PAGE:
After announcing plans to implement restrictions on popular e-cigarette flavors last week, President Trump has suddenly retreated from this plan.
Trump announced plans via Twitter to meet with officials and “come up with an acceptable solution to the vaping and E-cigarette dilemma,” rather than endorsing an outright ban.
Many believe Trump’s new position is a response to concerns expressed from Trump’s advisers over how e-cig flavor bans may impact his reelection bid in 2020.
A study last month by McLaughlin and Associates found from a survey of 5,000 voters, who regularly use vaping products, that eighty percent consider themselves “likely” to support a candidate solely based on said candidate’s stance on the use and legalization of nicotine vapor products.
Controversy over e-cigarette products has surged after experts declared a “vaping epidemic” among youth for various reasons, primarily because these products have proven unsafe as the number of e-cigarette related injuries and deaths are on the rise.
As of Nov. 13, over 2,000 cases of lung injury and 42 deaths have been directly correlated to the use of e-cigarette products, according to the Centers for Disease Control and Prevention.
Additionally, E-cigarette companies such as Juul have been accused of advertising to minors. Because lungs can continue developing until age 25, minors are especially susceptible to injury and health concerns related to e-cigarette use.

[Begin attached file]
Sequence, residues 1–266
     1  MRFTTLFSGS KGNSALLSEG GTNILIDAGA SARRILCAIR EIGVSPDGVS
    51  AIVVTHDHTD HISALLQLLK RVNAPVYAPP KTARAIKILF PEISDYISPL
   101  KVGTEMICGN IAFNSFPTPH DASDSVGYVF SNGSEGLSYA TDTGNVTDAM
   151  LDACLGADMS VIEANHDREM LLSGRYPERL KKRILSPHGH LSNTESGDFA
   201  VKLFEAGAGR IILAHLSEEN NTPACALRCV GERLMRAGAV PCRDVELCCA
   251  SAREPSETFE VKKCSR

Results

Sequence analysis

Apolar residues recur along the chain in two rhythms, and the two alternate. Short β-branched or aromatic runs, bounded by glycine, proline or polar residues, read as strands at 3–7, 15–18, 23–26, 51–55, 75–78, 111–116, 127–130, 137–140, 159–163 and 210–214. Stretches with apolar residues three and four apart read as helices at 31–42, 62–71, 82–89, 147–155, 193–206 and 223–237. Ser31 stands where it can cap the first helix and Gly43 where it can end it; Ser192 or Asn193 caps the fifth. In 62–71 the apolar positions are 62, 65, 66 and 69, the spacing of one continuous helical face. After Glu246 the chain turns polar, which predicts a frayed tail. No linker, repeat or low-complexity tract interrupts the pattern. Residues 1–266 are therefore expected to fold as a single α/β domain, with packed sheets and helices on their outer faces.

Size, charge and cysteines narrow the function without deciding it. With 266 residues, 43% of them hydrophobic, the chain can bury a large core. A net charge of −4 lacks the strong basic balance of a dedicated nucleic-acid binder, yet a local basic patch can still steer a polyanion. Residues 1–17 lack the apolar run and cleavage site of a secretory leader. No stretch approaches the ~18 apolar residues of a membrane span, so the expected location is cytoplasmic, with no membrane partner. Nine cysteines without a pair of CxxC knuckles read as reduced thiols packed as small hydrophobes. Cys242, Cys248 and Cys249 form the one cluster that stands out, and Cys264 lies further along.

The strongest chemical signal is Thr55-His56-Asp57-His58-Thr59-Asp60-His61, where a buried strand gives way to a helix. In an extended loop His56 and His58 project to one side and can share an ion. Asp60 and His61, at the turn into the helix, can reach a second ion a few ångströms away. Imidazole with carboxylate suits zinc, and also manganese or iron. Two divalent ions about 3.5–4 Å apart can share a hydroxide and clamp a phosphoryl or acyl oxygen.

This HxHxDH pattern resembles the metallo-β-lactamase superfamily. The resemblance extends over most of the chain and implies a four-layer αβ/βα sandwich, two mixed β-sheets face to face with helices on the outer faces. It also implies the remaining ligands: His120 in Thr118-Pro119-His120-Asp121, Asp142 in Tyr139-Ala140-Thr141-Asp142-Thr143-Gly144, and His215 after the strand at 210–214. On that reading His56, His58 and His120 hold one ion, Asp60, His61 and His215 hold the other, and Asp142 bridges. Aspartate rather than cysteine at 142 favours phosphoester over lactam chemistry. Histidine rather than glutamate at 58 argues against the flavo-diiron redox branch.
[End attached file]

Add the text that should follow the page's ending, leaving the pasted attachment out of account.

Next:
In his initial plan to ban popular e-cigarette flavors, Trump noted that popular e-cigarette flavors are a contributing reason e-cigarette and vapor products have become so popular among youth.
Executives from vaping organizations such as Gregory Conley, president of the American Vaping Association, have opposed a potential ban of e-cigarette products, citing the success of e-cigarette products in helping adults nationwide stop the use of cigarettes.
Despite ongoing conversations about the e-cigarettes and vapor products on Capitol Hill, USC student voters don’t seem as passionate about such issues.
Senior Alexander Greenblatt said he knows students who regularly use e-cigarettes, but wouldn’t oppose a “good” presidential candidate based on their vaping stance.
“ [A candidate’s vaping stance] isn’t such a priority...it’s not a big deal for them,” Greenblatt said.
Some students said they feel the focus on vaping products in the White House has taken away from more pressing issues.
“The whole thing seems like some kind of distraction, I guess, from something. There are a lot more pressing issues to focus on,” Senior Greenblatt shared.
Freshman Divya Vasireddy maintained a similarly apathetic attitude towards the ban. “I don’t think it’s as big of a deal to me as immigration or some of the things that I think are a larger issue,” said Vasireddy.
Graduate student Katie Kibota also vocalized similar sentiments.
“I feel like [Trump] has a lot of other things he could be focusing on other than [vaping],” Kibota added.
As Trump retreats from his ban, it remains unclear how his administration will tackle America’s “vaping epidemic.”